I saw the silhouette of the Agip Abruzzo just outside the harbor, but not the Moby in flames. [...] I had a tanker to my left, about 700–800 meters from the Naval Academy. Then there was the tanker in that position. On the other side there were four ships, among them one perhaps carrying munitions; at the northern entrance, near the Calambrone, there was an illuminated American ship loading munitions.— Cesare Gentile, Guardia di Finanza
In 2008, it was found that Theresa, another ship, had been present at the scene but her involvement remains unclear. A mysterious audio recording from 22:45, just after the collision, was discovered in 1991. It said in English: "This is Theresa, this is Theresa for the Ship One in Livorno anchorage I'm moving out, I'm moving out ..." No ship named Theresa was registered in the harbor records, and it is still unknown what is the "Ship One" referred in the recording.
Position of Agip Abruzzo
The real location of the Agip Abruzzo is debated. The ship's commander declared he was at anchor with the prow pointing south, but later revised his account. The tanker appeared to be heading south in the hours after the collision, as evidenced by a video recording found months after the disaster. It was never clarified if the collision was caused by the ferry going off course or if the tanker was mistakenly positioned in the "exit cone" of the harbor, where parking was strictly forbidden. The first position communicated by the Agip Abbruzzo Commander was recorded in the VHF transmission with the first mayday request. The voice of Commander Superina is clearly audible and reported a position inside the no-anchor-zone. Based on this initial declaration, the collision can be explained with the Agip Abruzzo being anchored wrongfully in the legitimate path of the Moby Prince. This may explain why Commander Superina's statements changed later on during the trial. The Captain Log which would have confirmed the correct position was surprisingly not immediately acquired and was lost few days later.
Blame was put on the crew of the Moby Prince for not using the radar equipment, for not following proper procedures for harbor maneuvering, and for speeding. The press wrongly reported that the crew was distracted by the UEFA Cup Winners' Cup football final between Juventus and Barcelona. This accusation was decisively refuted when Bertrand was interrogated and declared that the commanding officers were at the helm of the ferry, where they should be.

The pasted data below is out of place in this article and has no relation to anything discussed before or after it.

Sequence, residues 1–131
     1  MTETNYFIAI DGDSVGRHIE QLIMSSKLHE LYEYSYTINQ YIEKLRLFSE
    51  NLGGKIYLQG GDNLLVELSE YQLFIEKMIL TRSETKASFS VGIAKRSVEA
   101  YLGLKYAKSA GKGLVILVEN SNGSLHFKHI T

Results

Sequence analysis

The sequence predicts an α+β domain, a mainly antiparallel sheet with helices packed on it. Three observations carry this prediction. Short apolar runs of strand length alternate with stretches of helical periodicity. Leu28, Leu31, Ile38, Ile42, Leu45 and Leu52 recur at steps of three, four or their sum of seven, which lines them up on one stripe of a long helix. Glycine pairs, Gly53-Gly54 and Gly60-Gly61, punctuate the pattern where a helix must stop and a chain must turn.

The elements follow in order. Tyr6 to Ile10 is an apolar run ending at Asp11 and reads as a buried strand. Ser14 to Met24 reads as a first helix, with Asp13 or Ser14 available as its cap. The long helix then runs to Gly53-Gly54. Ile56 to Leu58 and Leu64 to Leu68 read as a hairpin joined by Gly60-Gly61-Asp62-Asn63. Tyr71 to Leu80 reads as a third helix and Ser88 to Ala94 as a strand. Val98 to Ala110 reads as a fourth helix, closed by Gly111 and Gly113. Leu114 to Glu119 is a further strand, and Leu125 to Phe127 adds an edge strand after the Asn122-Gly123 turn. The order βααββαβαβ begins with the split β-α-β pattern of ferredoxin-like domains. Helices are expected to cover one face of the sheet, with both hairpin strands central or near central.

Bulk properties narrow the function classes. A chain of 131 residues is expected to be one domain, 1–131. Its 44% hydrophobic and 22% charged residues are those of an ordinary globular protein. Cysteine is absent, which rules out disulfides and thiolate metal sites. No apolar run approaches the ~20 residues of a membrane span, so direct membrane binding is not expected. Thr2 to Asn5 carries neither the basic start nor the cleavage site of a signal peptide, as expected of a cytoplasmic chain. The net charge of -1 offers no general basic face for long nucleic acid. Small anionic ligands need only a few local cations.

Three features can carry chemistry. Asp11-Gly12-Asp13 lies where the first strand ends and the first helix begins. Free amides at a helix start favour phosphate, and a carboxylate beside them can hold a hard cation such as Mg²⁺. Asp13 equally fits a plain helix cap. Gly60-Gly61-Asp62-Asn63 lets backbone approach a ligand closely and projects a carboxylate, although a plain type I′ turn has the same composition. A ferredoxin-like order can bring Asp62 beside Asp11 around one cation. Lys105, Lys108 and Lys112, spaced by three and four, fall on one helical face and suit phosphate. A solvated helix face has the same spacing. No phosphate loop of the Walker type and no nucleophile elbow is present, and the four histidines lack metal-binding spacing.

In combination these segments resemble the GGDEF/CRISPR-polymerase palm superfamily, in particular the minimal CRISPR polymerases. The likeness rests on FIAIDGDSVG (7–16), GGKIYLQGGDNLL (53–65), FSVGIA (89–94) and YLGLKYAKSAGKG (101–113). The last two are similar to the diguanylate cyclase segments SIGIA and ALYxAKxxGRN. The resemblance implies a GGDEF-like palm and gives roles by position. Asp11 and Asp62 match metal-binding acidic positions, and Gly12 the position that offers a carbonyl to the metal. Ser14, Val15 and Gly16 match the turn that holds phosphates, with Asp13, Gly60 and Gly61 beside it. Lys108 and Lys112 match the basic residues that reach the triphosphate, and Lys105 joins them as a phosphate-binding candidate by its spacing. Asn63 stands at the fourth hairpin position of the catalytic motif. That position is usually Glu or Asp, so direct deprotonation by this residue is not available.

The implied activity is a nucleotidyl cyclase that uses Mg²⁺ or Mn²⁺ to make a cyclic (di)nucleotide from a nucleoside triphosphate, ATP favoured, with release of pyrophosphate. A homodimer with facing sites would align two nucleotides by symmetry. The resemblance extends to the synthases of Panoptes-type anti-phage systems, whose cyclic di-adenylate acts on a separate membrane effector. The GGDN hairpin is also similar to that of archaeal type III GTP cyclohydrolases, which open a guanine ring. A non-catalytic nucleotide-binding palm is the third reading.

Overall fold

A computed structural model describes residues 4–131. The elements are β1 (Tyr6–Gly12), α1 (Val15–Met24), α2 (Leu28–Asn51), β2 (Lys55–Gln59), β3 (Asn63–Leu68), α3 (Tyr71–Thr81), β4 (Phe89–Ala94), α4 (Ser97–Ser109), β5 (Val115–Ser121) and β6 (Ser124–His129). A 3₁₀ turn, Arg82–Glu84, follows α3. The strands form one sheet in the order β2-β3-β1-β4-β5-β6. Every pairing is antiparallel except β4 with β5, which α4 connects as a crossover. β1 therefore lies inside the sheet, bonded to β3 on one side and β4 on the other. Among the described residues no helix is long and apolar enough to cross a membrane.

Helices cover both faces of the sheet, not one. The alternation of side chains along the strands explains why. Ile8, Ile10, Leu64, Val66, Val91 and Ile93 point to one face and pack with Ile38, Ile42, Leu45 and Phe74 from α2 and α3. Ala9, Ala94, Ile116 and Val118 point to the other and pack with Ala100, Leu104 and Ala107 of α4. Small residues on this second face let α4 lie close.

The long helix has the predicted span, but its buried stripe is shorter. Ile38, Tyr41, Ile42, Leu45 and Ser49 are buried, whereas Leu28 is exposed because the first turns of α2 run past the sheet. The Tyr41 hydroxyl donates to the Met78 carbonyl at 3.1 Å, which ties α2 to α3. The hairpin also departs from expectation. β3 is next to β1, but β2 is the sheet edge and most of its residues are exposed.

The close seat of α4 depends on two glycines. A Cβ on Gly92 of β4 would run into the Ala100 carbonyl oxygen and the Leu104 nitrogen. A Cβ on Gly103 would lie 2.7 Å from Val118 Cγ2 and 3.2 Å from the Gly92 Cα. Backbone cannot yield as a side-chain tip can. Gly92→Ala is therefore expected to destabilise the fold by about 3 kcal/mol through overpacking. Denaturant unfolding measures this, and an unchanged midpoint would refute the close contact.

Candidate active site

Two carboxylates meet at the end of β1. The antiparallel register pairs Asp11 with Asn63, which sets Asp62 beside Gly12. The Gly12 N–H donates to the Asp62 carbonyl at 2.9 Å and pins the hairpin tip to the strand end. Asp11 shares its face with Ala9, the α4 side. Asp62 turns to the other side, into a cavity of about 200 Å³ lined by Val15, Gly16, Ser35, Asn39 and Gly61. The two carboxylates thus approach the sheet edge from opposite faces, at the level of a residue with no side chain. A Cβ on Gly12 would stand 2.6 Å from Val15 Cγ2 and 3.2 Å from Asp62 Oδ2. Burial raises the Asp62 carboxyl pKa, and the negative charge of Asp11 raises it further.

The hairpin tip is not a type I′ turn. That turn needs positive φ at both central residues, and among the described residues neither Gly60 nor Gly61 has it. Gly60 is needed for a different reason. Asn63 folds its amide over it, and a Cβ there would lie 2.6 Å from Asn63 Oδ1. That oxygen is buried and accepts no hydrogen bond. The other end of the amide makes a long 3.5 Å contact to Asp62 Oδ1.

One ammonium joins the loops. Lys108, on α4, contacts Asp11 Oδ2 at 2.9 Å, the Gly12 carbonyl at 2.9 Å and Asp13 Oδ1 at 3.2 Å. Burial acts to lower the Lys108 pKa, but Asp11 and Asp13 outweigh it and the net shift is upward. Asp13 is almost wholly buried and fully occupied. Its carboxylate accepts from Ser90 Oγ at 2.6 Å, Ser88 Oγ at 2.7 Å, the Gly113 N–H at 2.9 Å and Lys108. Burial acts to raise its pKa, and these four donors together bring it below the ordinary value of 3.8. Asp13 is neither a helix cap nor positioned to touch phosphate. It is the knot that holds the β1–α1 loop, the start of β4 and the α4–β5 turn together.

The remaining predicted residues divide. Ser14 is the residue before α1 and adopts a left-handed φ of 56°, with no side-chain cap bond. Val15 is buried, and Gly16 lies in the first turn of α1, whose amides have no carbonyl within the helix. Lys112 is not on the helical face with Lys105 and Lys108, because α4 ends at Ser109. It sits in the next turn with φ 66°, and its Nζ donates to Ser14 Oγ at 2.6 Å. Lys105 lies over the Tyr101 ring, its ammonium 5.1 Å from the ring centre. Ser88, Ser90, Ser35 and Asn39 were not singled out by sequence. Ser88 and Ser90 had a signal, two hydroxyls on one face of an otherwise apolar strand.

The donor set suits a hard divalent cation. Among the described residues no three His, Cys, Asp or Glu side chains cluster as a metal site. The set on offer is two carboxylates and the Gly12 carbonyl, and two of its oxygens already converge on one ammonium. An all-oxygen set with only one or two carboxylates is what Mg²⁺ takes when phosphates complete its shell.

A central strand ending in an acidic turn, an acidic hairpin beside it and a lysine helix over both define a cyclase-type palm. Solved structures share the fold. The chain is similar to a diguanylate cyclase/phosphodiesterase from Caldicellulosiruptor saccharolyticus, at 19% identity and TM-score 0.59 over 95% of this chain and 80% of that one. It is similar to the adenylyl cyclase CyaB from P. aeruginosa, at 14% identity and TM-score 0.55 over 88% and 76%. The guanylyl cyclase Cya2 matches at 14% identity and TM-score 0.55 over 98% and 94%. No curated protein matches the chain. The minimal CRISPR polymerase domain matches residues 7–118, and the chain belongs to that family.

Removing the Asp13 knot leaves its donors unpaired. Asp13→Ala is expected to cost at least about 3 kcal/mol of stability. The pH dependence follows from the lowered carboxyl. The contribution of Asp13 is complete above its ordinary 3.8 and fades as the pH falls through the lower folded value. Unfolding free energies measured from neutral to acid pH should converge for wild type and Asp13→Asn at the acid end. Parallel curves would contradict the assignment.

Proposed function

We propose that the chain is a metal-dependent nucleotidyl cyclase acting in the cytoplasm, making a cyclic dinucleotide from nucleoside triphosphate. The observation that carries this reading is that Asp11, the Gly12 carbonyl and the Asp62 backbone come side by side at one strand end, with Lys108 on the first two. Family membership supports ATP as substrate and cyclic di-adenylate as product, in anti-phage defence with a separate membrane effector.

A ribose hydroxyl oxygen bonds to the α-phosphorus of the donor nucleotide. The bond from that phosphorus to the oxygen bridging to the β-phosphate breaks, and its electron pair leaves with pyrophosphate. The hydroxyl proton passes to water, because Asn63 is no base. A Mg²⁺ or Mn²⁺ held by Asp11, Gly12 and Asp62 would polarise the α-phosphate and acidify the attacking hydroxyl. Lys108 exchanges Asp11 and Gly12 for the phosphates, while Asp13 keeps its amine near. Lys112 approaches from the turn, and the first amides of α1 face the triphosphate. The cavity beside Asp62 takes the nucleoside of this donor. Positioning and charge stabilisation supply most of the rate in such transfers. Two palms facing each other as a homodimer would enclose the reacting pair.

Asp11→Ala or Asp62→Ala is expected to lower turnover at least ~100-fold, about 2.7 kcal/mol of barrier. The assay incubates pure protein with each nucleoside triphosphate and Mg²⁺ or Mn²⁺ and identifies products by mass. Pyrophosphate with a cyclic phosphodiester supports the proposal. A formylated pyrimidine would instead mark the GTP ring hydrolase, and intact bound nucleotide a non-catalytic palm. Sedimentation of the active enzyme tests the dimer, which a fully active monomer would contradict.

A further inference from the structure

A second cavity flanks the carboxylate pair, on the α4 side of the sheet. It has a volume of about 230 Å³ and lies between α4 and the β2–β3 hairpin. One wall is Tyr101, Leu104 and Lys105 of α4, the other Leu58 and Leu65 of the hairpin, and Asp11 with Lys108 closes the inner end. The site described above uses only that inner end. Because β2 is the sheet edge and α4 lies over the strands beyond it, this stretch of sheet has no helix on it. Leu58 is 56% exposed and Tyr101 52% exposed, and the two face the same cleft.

Military ships and weapon traffic
It is still unclear whether US or other naval vessels were present in the vicinity of the disaster. At the time of the collision, radio recordings and verbal accounts imply that unregistered ships were probably present, and transfers from cargo ships bearing munitions were alleged. The presence of U.S. Navy ships – or military ships from other nations – was repeatedly reported, but their real presence, identity and activities are currently unknown. American ships frequently visited the harbor, as Camp Darby is nearby. The presence of undercover military ships was not unusual; neither was the use of fake names when ships were employed in secret military activities. Arms traffic in the Livorno harbor was allegedly linked to the disaster, as an explanation of the covert ship movements and of bureaucratic hurdles encountered when seeking official documents from the military commands.
Immediately after the disaster, the Livorno public prosecutor began proceedings against unknown persons for failure to assist and culpable homicide. The first trial began on 29 November 1995: third officer Valentino Rolla of the Agip Abruzzo, acting commander of the tanker, was charged with multiple culpable homicide and arson; Angelo Cedro, deputy commander of the Port Authority, and guard officer Lorenzo Checcacci were charged with multiple culpable homicide for the lateness of the rescues; sailor Gianluigi Spartano was charged of culpable homicide for missing the ferry's Mayday. Charges against Achille Onorato, the owner of NAVARMA, and Agip Abruzzo commander Renato Superina were dropped.
The trial came to an end two years later, on the night of 31 October 1997, in a very tense atmosphere: in a courtroom full of police and carabinieri, jury president Germano Lamberti read out the verdict absolving all the accused. This verdict, however, was partially revised on appeal. The terza sezione penale (third criminal court) in Florence declared that further proceedings were not to be taken, because of a statute of limitations. In November 1997, 11 members of parliament proposed a new commission of inquiry.
In addition to the main trial, two separate cases were examined in the district court: Moby Prince first mate Ciro Di Lauro confessed to tampering with the rudder in the engine room of the scorched hull in order to set inquirers on the wrong track; and Pasquale D'Orsi, maintenance technician for NAVARMA, was accused by Lauro. They were both absolved of any offence in the trial and two appeals.
In 2006, at the request of Commander Chessa's sons, the Livorno public prosecutor opened a new inquiry into the disaster. New images of the disaster were found in the offices of the Livorno public prosecutor, confirming the presence of satellite reconnaissance of the area on the night of the collision. In 2009 the association of victims relatives asked president Giorgio Napolitano to ask Barack Obama to disclose the radar recordings, satellite images and any other information available to American authorities. In April 2009, parliamentarian Ermete Realacci called for a new inquiry into the alleged presence of other ships, especially of the US Navy, in the harbor on the night of the disaster.
On 16 November 2007 Fabio Piselli, a former army paratrooper, told the press of new information about the disaster that he had found while investigating the death of a relative working for the U.S. Embassy in Rome. He met with attorney Carlo Palermo, but was later allegedly attacked by four people who kidnapped him, shut him in the trunk of a car and set it on fire; however, he managed to escape. An inquiry into the incident was opened.
The floating hull remained impounded in the Livorno harbor. In 1998 it almost sank, but was raised and sent for scrap to Aliaga, Turkey.